A broad look at Egypt’s ageing population

Published online 9 March 2024

A study of 20,000 people over 50 will aim to reveal key factors contributing to healthy ageing

Mohamed Al-Sayed Ali

Long-term healthy ageing surveys are essential to monitor the health, social and economic changes that occur with advancing years, as well as track the most influential factors for healthy ageing.

These surveys help form public policies to improve care for older people, but are rarely conducted in Egypt, a country that has the largest population in the Arab and Middle Eastern region. “Research on older adults has been limited in Egypt and the Arab world owing to a lack of population-representative longitudinal data. There are no validated household data that document and monitor the physical, mental and socioeconomic conditions of older Egyptians, their diversity and their pathways over the life course,” a paper published in Nature Ageing reported.

To fill that gap, a new longitudinal study titled AL-SEHA will be launched in 2024. It will be the first nationally representative cohort study on ageing in Egypt, and the first of its kind in an Arab country among low and middle-income countries. Researchers will study 20,000 respondents over the age of 50, from different areas, over two years. The study is done in collaboration with SHARE, which is a multidisciplinary survey launched in Europe in 2004 to monitor the impact of the economic, demographic, psychological, social, and health aspects on the lives of individuals over the age of 50 years, in an effort to provide a healthier life for the older people.

“The study will improve our understanding of the factors that may lead to ageing-related diseases in Egyptians, in addition to evaluating the impact of climate change on the population. This will eventually add to global knowledge of the determinants of well-being and ageing-associated disability,” says Mohamed Salama, an associate professor at the Institute of Global Health and Human Ecology at the American University in Cairo (AUC) and the leading author of a commentary in Nature Aging, about the issue.

The commentary explains that Egypt will be the first Arab country in a network of about a dozen studies on ageing at the international level. This is particularly important for a country like Egypt that has a very diverse population with high level of health, economic, and social inequalities, and a significant burden of infectious and non-communicable diseases.

The march of years

The average life expectancy in Egypt increased from 58 to 69 years for men, and from 62 to 73 years for women between 1980 and 2020, according to the Nature Aging article. Life expectancy is expected to reach 74 years for men and 79 years for women by 2050. The population will reach 160 million by 2050 with an average age of 29.7 years, including 22 million (13.8%) adults aged 60 or older.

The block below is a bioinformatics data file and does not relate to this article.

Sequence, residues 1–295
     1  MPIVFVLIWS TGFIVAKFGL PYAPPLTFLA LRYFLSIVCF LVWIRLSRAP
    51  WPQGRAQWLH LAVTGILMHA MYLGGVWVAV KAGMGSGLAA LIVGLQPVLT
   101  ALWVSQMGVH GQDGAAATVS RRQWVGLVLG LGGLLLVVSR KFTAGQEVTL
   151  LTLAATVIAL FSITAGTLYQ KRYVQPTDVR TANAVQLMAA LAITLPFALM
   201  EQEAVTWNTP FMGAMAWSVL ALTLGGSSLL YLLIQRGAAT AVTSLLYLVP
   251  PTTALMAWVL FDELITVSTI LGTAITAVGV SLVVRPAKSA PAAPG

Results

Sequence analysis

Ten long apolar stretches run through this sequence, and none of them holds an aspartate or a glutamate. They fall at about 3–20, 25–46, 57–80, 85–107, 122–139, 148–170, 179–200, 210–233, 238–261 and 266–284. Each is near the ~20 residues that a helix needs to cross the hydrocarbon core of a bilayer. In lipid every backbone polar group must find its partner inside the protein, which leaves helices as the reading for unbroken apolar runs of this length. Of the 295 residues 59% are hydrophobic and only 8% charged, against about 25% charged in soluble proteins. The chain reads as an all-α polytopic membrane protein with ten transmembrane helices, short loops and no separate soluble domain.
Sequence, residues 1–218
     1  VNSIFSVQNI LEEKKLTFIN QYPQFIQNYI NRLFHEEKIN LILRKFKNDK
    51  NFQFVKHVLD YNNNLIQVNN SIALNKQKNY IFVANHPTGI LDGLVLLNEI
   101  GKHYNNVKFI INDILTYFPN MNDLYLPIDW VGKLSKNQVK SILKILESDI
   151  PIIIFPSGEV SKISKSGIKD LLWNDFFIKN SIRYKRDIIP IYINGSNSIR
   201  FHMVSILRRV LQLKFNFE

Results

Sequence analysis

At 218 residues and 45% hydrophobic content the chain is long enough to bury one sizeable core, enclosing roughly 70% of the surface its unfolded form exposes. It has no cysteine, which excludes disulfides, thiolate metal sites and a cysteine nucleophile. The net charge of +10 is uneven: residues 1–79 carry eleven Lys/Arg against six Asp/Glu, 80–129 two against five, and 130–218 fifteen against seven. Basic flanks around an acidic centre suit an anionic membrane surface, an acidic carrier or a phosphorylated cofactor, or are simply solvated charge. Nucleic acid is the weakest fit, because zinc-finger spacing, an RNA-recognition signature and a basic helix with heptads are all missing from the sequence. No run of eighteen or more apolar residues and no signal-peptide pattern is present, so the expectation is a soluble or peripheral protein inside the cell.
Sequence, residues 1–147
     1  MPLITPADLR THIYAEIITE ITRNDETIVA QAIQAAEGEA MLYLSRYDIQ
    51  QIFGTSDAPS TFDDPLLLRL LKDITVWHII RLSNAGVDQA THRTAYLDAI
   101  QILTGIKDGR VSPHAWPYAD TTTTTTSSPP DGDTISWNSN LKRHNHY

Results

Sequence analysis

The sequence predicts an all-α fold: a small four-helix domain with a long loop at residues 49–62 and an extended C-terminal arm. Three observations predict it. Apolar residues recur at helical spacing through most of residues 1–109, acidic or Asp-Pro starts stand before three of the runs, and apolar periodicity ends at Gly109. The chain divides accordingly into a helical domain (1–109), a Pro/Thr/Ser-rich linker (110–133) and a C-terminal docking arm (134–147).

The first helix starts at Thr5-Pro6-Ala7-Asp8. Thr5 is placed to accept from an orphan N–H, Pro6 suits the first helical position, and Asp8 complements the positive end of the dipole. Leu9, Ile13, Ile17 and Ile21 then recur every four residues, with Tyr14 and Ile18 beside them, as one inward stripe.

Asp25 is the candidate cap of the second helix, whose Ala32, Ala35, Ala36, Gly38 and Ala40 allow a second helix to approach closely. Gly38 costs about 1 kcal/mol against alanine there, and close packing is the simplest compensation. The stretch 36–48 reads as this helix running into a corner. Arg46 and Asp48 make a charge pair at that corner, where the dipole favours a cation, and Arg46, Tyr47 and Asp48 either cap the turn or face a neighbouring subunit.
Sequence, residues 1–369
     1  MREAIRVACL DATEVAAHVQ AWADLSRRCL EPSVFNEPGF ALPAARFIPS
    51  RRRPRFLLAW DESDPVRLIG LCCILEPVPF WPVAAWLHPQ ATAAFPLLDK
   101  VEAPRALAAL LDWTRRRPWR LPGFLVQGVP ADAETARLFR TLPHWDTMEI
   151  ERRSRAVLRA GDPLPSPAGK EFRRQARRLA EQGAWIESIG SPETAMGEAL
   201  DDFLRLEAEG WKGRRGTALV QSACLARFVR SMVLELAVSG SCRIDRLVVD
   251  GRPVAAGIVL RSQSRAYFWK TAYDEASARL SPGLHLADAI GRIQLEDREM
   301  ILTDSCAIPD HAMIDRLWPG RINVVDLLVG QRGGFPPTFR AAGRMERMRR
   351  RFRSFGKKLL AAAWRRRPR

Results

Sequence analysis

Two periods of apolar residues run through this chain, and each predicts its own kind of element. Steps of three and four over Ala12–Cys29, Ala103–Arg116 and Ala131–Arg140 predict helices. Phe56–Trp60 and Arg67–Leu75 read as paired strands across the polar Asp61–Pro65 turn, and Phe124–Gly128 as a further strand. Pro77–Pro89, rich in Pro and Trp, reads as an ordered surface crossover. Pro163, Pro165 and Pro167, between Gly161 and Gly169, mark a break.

The results of the study indicate that the percentage of people living alone in Egypt increased from 9.9% in 1998 to 21.6% in 2018, and the percentage of older individuals living with children or grandchildren decreased from 69.8% to 46.7%. This reflects an increasing preference among the elderly in Egypt for living alone.

Salama points out that Egypt was previously known as a “young country,”  but that its mean age will increase significantly, similar to the trend in Europe. He believes that now is an ideal timing to launch such a study to better prepare for the evolving reality.

“Reaching this age is accompanied by health, social and economic problems that are completely different from those in other age groups. Therefore, we must get prepared with plans and policies to deal with them, but we currently lack this knowledge. The upcoming study will, hopefully, fill this knowledge gap and enable us to be better prepared to meet the challenges of population ageing in Egypt,” Salama tells Nature Middle East.

Environmental factors

At the biological level, ageing is associated with the accumulation of molecular and cellular damage resulting from modifiable environmental, economic, and social factors that vary greatly among individuals in Egypt. Understanding the interplay between health, gender, socioeconomic status, and old-age poverty is crucial for determining health, social, and economic policy priorities.The elderly in Egypt suffer from a large number of diseases, including depression, dementia, and associated cognitive impairment. Many of these diseases are likely caused by modifiable environmental factors such as climate change, according to the study.

Compared to other countries in Africa, Egypt has a steeper increase in the number of hot days; and with air pollution, pesticides, water pollutants and projected water scarcity, older Egyptians are particularly vulnerable to the potential health impacts of climate change.

Recent reports of high death rates during heat waves and the increase in the number of strokes are clear examples of the direct impact of climate change on older people's health. Therefore, the lack of community support for older people will limit their preparedness for future incidents, the study says.

The heterogeneity of the Egyptian population could facilitate the discovery of causal pathways that may help mitigate the impact of climate change and create new knowledge about factors contributing to healthy ageing in the country.